Geochemistry of Cd, Cr, and Zn in Highly Contaminated Sediments and Its Influences on Assimilation by Marine Bivalves

Research output: Journal Publications and Reviews (RGC: 21, 22, 62)21_Publication in refereed journalpeer-review

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Original languageEnglish
Pages (from-to)5164-5171
Journal / PublicationEnvironmental Science and Technology
Volume36
Issue number23
Online published1 Nov 2002
Publication statusPublished - 1 Dec 2002
Externally publishedYes

Abstract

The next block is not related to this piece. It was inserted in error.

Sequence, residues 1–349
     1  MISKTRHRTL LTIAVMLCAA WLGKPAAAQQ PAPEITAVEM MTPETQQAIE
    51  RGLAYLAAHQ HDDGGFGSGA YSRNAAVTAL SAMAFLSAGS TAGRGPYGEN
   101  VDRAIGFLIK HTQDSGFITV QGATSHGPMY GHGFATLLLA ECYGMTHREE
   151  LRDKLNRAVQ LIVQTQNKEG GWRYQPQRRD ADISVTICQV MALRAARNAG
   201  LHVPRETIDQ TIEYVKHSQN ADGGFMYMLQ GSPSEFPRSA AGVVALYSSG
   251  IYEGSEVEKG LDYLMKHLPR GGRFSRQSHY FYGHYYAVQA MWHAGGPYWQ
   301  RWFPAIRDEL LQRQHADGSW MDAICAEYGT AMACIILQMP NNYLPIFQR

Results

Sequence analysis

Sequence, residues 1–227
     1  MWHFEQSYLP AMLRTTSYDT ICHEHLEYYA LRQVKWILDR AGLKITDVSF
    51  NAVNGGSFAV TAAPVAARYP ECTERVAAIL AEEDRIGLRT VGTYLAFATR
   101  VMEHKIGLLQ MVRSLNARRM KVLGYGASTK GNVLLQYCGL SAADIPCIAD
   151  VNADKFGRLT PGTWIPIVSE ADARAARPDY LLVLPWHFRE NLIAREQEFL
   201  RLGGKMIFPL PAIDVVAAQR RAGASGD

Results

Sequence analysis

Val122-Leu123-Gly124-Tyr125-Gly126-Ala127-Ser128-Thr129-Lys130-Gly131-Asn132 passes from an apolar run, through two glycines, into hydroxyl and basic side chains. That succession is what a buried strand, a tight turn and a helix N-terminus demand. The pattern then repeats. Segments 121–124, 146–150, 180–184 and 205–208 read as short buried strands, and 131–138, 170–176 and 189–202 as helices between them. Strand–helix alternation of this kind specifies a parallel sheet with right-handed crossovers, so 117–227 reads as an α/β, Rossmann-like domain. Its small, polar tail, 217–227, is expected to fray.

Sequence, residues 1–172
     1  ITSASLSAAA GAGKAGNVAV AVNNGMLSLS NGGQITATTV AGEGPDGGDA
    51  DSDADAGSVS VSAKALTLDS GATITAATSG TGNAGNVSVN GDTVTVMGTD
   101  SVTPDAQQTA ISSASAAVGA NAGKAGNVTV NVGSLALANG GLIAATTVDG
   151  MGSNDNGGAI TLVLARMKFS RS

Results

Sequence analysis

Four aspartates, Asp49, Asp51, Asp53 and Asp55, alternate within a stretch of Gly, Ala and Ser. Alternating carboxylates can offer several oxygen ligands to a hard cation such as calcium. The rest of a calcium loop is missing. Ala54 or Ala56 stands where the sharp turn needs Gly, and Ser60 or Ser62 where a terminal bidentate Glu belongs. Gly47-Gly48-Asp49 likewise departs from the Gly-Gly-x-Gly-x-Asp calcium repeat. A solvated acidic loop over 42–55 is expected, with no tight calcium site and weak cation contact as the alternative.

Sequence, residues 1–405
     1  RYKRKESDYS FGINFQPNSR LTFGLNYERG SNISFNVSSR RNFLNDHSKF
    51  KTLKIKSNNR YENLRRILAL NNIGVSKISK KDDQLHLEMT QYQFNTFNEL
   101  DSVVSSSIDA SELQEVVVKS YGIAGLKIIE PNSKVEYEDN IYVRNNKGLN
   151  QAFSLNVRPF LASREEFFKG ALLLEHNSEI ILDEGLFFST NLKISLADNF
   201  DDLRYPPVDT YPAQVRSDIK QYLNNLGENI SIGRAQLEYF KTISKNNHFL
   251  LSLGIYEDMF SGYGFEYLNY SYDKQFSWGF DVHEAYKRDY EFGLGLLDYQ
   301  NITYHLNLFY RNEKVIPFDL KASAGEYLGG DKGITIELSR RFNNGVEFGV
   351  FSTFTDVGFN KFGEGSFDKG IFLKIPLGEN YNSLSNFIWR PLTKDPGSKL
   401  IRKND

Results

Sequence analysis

We tested the controls of metal geochemistry in sediments collected from an extremely contaminated Chinese bay on metal assimilation by marine mussels and clams. Metal speciation in the contaminated sediments, quantified by the Tessier operational extraction method, was significantly dependent on metal concentrations in the sediments. The fractions of Cd in the easily exchangeable and carbonate phases increased, while the reducible and residue phases decreased with increasing Cd concentration. The majority (72-91%) of Cr was associated with the residue component, with the remainder of Cr in the organic matter and reducible phases. Zn in carbonate phase increased, whereas in the organic matter and residue phases it decreased with increasing Zn concentration. The bioavailability of Cd, Cr, and Zn to marine green mussels (Perna viridis) and clams (Ruditapes philippinarum) was quantified using radiotracer spiked technique with concurrent measurements of speciation of spiked metals. There was a significant correlation between the Cd assimilation efficiency (AE) by both mussels and clams and Cd partitioning in the easily exchangeable and reducible phases. In contrast to previous studies, a negative correlation was found between the Cd AE and its total concentration in sediment, likely caused by the saturation of Cd binding sites in the gut or by its antagonistic interaction with a very high Zn concentration in these collected sediments. In contrast, there was no significant correlation between the AEs of Cr or Zn and any of their geochemical phases or their concentrations. The metal AEs were further quantified by experimentally manipulating different concentrations and ratios of acid volatile sulfide (AVS) and simultaneously extractable metals (SEM). There was no statistically significant relationship between the AEs of the three metals and the concentrations of AVS and SEM or [SEM-AVS]. Geochemical controls on metal assimilation from contaminated sediment are therefore only relatively apparent for Cd. The influences of metal speciation on metal bioavailability can be confounded by the degree to which sediments are contaminated with metals.